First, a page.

Classic DACB Collection

All articles created or submitted in the first twenty years of the project, from 1995 to 2015.


Alternate Names: Renilahy
Reformed Church of Jesus Christ in Madagascar (FJKM)

The second revival movement that occurred in Madagascar came about because of Ravelonjanahary. Her conversion to Christianity was both preceded and followed by extraordinary events. The most spectacular of these occurred in 1910, and was covered by several newspapers in Antananarivo, which caused huge crowds of people to go to Manolotrony.

Ravelonjanahary lived in a time that was difficult for the people of Madagascar. The island had been under French colonial power since 1896, and all insurrectional movements directed against colonialism were firmly put down by the military government that was directed by General Galliéni. These insurrections led to a considerable number of deaths, and the survivors were subjected to severe rules of obeisance to the colonizers. As of 1900, men above the age of sixteen were forced to pay taxes. On July 7, 1901, The Natives Law was put into effect [1] in order to restrict the freedom of the Malagasy people. General Victor Augagneur, who succeeded general Galliéni, introduced atheism to the land through several newspapers [2] in order to draw people away from Christianity, which was already having a very significant impact in the country. Forced labor, as well as epidemics of smallpox and plague were taking a heavy toll on people both physically and morally. There was also a religious war going on between the Catholics and the Protestants [3] and it had reached all the way to Fianarantsoa.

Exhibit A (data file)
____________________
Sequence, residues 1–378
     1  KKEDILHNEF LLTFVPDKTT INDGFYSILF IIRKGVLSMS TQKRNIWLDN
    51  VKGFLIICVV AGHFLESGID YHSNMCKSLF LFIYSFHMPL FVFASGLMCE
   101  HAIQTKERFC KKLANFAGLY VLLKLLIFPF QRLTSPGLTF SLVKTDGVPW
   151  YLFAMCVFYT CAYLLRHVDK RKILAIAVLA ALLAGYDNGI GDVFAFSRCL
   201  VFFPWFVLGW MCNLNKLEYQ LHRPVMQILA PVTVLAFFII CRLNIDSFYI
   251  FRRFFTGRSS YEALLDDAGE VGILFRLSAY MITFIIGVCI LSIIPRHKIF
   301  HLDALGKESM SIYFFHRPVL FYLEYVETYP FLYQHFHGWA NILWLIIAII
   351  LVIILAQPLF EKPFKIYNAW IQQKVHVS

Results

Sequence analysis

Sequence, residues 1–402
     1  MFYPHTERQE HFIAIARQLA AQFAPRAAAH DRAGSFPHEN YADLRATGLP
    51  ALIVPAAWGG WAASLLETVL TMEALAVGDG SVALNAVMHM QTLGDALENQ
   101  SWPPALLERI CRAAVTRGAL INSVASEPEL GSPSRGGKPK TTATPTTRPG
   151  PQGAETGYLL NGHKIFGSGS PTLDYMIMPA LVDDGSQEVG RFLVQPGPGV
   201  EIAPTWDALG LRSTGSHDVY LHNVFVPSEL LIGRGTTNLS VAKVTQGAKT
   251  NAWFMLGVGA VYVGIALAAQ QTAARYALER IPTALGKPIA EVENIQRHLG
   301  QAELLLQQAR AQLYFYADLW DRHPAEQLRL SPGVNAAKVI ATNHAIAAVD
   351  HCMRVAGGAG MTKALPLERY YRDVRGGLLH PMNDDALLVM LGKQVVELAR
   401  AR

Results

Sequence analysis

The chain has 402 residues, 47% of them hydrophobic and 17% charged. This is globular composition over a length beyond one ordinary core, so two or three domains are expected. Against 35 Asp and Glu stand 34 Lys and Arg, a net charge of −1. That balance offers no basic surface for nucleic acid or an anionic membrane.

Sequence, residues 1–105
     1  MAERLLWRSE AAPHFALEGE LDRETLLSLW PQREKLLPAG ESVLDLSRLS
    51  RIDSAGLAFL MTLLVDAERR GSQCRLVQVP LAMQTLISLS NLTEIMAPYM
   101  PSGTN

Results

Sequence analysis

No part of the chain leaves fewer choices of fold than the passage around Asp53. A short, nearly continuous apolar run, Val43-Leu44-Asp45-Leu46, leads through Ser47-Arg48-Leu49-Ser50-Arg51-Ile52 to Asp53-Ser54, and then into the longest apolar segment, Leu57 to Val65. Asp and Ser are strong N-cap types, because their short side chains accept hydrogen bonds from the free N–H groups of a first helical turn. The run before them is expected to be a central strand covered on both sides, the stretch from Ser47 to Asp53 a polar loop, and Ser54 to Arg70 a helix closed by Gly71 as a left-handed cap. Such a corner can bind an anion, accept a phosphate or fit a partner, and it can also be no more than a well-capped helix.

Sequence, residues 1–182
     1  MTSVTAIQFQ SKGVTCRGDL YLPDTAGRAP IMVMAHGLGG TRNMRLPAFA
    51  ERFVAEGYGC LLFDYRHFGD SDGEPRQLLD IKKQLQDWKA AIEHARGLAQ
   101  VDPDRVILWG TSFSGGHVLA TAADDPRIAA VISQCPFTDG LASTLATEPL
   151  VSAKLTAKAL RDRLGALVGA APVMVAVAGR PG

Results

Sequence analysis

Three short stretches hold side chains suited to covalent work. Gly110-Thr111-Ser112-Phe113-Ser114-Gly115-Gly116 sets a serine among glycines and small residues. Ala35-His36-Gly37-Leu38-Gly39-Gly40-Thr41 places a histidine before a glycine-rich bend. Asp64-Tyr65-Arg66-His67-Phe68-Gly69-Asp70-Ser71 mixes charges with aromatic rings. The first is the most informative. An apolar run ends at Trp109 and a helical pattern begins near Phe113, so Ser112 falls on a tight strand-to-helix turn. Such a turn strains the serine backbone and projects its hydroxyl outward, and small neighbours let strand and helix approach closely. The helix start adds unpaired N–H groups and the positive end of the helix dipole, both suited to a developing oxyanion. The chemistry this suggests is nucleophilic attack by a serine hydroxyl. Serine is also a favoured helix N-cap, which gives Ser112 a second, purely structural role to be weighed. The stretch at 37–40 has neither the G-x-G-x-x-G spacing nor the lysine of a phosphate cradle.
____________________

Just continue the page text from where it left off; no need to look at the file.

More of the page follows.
Ravelonjanahary’s real name was Renilahy. She lived in Malonotrony, in the Iarindrano-Fianarantsoa region. She was the oldest child in a pagan family, and was called “Mama” (mother) [4] until she was married. Her father was an ombiasa, (wise man, healer and seer) and was very well-known in the region. For instance, people consulted him to keep hail from falling on their rice fields or to make the crocodiles flee when they had to cross a river. Renilahy was raised and educated in a completely pagan milieu and inherited the gift of being a healer and a seer from her father and paternal grandfather.

She married Rainiboto, who was also called Rainidalo. They had a daughter who died at a very young age after having a little girl of her own. They took her in but she also died very soon. Then they adopted Renilahy’s nephew, Ranisana. They were a couple who lived simply, and they were well-loved by those in their community.